Phases of the reproduction work

As for all the volumes of the “La Biblioteca Impossibile” series, facsimile reproduction of the Torriani Book of Hours is achieved by means of the most sophisticated technological resources, for image processing, and also by means of markedly traditional handcrafting techniques, in order to conserve the special ‘magic of the past’ that we find in the original.

For the work’s ‘hard copy’, the publishing house selected a special paper which perfectly reproduces the effect and texture of parchment. The paper selected provides as faithful a facsimile as possible of the original in general in terms of its colour, and tactile and material characteristics, while also ensuring strength and durability, thus enabling frequent and prolonged use (i.e. without the particular concern we would have when handling an antique object). To ensure optimal safeguarding of the original work, arrangements were made for specially air-conditioned darkened studio space with special lighting in which to photograph the book using the cameras, plates and lenses considered most appropriate for this codex.

The photographic plates were then handed over to technicians for electronic colour break-up, the colours then being ‘re-assembled’ for printing. The nuances and toning, and even the fingerprints left by readers over hundreds of years were all left ‘ as is’ – nothing was left out, the aim being that the matrices, with their infinite degrees of colour and chiaroscuro work,  perfectly render the creative energy and painterly qualities of the renowned artist responsible for the codex’s splendid illumination work.

Particular care was taken over the heightened light effects. As part of the painstaking efforts required to produce these facsimiles, the embellishments constitute a particularly tough challenge for the chromolithographer (who must constantly go back to the original manuscript to verify with great precision the various backgrounds), and also for the printer. Illuminators used to apply the gold powder with a paintbrush, thus obtaining a specific ‘raised’ effect. Here, the technique of screen printing with special inks is used, combined with the use of special embossing or letterpress machines for a further step that confers upon the embellishments a raised effect, and tactile consistency.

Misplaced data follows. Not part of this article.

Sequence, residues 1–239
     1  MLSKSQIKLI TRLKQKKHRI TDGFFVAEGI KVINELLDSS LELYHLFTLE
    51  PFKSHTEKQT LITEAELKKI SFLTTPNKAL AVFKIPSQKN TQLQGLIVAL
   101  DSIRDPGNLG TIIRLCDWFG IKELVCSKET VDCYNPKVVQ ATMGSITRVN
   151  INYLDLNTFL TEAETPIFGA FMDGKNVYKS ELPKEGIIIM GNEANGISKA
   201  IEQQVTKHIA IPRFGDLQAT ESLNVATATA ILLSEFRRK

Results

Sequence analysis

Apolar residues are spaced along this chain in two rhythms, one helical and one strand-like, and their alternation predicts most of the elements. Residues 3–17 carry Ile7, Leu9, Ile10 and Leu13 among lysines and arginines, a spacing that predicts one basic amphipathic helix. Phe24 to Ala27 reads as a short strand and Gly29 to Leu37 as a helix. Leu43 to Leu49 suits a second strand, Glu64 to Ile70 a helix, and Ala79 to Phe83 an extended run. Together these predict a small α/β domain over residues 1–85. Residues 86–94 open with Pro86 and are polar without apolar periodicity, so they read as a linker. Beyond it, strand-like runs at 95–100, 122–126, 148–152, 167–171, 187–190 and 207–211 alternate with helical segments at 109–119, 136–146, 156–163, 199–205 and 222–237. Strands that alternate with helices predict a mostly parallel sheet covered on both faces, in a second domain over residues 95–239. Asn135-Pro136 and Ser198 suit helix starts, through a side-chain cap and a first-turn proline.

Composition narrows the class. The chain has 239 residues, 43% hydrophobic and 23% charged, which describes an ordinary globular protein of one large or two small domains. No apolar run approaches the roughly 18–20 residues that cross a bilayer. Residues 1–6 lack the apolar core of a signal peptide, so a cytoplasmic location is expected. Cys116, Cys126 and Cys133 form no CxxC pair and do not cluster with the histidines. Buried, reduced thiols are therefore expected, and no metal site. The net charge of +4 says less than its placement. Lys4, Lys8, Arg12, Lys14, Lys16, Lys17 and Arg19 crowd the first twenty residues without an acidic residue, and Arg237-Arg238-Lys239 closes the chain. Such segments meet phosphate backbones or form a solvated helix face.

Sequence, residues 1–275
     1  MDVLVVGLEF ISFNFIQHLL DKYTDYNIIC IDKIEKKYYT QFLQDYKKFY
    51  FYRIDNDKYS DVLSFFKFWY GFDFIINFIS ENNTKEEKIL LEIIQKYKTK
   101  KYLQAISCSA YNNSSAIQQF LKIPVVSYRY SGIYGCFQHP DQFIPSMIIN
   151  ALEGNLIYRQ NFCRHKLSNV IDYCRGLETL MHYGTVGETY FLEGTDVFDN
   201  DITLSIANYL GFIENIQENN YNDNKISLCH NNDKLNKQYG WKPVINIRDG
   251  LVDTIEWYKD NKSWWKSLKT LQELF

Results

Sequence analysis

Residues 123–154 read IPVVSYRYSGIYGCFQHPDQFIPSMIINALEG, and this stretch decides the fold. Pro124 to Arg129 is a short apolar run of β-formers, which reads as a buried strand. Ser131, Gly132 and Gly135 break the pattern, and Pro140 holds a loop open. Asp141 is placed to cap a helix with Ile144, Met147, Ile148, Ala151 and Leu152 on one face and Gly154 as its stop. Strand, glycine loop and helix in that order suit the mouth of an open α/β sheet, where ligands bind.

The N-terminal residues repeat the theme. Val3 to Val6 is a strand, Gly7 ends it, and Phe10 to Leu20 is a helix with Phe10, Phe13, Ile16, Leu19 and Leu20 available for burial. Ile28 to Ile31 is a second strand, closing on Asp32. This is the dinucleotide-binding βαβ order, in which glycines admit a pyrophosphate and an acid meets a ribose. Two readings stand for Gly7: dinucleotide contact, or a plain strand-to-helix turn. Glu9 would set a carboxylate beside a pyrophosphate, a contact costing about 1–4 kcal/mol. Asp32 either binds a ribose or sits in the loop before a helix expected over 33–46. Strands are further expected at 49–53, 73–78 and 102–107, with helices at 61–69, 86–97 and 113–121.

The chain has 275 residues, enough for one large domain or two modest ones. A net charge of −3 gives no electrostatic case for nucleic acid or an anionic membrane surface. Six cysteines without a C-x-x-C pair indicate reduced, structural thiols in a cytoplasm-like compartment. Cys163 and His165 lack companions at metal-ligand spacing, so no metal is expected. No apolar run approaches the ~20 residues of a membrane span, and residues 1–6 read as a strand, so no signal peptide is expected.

A further aspect of the work at hand, the Torriani Book of Hours, which proved most demanding and complex, regards reproduction of the binding – undoubtedly one of the most refined works ever produced by the jewellers’ workshops of Renaissance Lombardy. In this reproduction, the two fields of fine arts and craftsmanship come together seamlessly. The work was carried out entirely by hand and was preceded by in-depth study of all the components of the cover:  the intricate gilded silver plant motifs, tendrils and volutes, the eight medallions with ivory heads of putti, the ivory inserts of the covers, and the painted enamels of the inside covers. The expert binder gathers together these many components for final assembly, and seeks to provide a fitting tribute to the painstaking care and attention that went into the original.

Before the final stages, at Chantilly, the Torriani Book of Hours was checked and re-checked, again and again, by the publishing house’s most highly qualified experts, external consultants, the scholars engaged in drawing up the commentary, and library officials.

Il dorso del Libro d’Ore Torriani
Il dorso del Libro d’Ore Torriani